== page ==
Global Hunger Index Reflects A Bleak Picture of South Asia
From EDITOR's desk
The 2010 Global Hunger Index report prepared by the International Food Policy Research Institute (IFPRI) shows an alarming situation of South Asia and Sub Saharan Africa where some 29 countries in this region paints a gloomy picture, revealing the alarming hunger level, children mortality rate and large amount of undernourished people in the country. The unfortunate part is governments largely overlooked the perils of ground reality.
Different international bodies like Food and Agriculture Organization (FAO), the United Nations Children’s Fund (UNICEF) and the World Health Organization (WHO) have submitted reports on various developments in some particular regions. The report also highlighted some dominant developing countries into the hunger prone countries such as India stood 67 rank lower than Pakistan (52). It is reported that one of the fastest growing economies of the Asia, India has the highest prevalence of underweight children, at around 40 per cent, in Asia.
The report asked interventions; using evidence based and locally appropriate approaches are required from the conception stage up to the age of two in order to bring down hunger levels. There are methods of giving appropriate nutrition to pregnant and lactating women, educate sound infant nursing techniques, emphasis on hygiene and providing appropriate vitamin supplements. The report also suggested corporate bodies to take initiation but gave impetus to government enthusiasm to put this into political agenda.
Most of the cases of hunger related death or malnutrition is because of helplessness of the people to combat hunger in the absence of resources. The report suggested governments to being proactive on policies focusing underlying causes of hunger and malnutrition. Specifically a country like India where hunger is chiefly a man-made phenomenon and people suffer because of inadequacy of proper functioning of local bodies and corruption, the government proactive participation will prove to be effective against unwarranted deaths and undernourished people.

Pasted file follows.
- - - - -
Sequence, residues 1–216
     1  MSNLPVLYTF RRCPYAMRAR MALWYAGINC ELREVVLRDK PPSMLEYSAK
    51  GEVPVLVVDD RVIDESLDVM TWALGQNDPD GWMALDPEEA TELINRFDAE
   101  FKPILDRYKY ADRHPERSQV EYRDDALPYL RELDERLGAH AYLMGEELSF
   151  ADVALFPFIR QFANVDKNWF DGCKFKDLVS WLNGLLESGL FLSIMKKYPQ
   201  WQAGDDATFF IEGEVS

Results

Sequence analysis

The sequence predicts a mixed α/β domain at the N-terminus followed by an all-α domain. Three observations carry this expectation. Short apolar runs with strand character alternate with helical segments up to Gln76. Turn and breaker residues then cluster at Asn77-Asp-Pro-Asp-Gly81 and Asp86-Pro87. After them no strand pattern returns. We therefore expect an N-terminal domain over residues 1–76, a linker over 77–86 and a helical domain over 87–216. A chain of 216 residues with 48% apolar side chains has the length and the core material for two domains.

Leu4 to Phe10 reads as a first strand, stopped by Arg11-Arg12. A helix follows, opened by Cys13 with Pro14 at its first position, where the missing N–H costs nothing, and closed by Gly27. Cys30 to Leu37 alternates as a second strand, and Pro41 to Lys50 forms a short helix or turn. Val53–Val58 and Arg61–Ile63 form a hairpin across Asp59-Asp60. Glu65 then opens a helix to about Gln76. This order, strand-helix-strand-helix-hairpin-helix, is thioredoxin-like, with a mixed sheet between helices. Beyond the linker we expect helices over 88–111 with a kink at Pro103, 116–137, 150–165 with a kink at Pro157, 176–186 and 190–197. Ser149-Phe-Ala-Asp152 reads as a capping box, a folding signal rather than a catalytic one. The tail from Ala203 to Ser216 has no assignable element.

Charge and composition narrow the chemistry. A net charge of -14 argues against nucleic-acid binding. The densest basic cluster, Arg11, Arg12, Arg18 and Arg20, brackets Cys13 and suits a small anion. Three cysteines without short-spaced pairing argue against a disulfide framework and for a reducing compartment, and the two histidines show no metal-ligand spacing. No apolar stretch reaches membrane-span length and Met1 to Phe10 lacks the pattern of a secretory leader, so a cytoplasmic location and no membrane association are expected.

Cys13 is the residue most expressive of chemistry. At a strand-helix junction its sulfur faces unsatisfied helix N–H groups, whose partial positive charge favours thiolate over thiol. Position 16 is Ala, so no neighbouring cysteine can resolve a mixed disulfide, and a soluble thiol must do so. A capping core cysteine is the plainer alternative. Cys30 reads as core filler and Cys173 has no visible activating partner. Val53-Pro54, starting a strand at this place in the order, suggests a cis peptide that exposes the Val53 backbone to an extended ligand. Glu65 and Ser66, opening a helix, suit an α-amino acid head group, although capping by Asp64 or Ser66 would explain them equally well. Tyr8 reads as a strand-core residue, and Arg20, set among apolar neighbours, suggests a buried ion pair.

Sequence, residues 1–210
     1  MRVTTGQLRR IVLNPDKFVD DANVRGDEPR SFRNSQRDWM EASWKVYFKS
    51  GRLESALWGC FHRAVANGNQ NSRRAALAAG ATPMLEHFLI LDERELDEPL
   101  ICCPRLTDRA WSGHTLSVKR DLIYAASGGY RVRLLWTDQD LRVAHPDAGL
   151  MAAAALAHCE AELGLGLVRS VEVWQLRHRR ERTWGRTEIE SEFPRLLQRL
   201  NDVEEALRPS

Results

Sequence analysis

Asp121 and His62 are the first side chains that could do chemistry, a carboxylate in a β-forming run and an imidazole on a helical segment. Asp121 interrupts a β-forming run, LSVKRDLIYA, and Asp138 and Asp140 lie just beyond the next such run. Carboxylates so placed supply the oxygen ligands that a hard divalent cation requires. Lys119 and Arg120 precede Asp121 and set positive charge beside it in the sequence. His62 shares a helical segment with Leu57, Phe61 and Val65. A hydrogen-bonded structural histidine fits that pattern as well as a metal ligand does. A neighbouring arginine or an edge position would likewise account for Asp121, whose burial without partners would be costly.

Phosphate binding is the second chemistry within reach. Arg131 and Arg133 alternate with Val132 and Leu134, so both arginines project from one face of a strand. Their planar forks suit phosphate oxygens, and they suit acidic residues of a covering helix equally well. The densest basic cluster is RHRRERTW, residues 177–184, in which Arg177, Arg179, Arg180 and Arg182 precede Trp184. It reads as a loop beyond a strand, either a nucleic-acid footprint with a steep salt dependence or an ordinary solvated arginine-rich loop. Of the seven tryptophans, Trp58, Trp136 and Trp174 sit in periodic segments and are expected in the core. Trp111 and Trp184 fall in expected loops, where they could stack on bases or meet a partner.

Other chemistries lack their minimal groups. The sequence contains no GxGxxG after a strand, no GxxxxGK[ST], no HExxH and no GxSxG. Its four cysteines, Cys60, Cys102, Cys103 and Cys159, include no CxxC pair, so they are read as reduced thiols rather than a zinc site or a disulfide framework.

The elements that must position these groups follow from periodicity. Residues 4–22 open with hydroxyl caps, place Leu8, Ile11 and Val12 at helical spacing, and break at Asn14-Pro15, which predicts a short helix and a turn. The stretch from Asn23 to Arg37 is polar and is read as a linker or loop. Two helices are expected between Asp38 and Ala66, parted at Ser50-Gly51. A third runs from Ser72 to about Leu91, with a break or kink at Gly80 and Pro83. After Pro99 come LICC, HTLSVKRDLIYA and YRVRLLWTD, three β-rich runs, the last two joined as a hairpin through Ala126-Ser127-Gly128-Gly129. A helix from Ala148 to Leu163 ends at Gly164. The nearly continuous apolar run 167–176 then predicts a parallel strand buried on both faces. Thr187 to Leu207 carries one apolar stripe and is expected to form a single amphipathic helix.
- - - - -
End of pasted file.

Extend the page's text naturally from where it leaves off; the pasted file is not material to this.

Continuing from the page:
Within Asia, the graph of lowering underweight children is mercurial. The rate of reduction of undernourished children in India has been slower than other countries. The report highlighted the reduction rate of malnutrition in China from 1990 to 2002, showing a drastic reduction from 25 per cent to 8 per cent. In Malaysia, the proportion of children who were underweight decreased from 22 per cent in 1990 to 7 per cent in 2005, owing to its exponential economic growth and education among women and children. The report emphasized on structured policy regarding child nutrition, food security among below poverty citizens, dissipation of education among mothers, proper health services, water and sanitation.
Thailand has a little different story where government didn’t take measures just as a welfare factor but as a whole development factor. As a result invested heavily in health, sanitation and education in 1980s and the success showed in the way of drastic reduction child malnutrition in less than a decade.
The shocking report of IFPRI seems doesn’t stir governments and in 2011 the situation remain same to an agricultural worker in Bangladesh or to an anganwadi worker in India. The issue is same but with different dimensions and differences.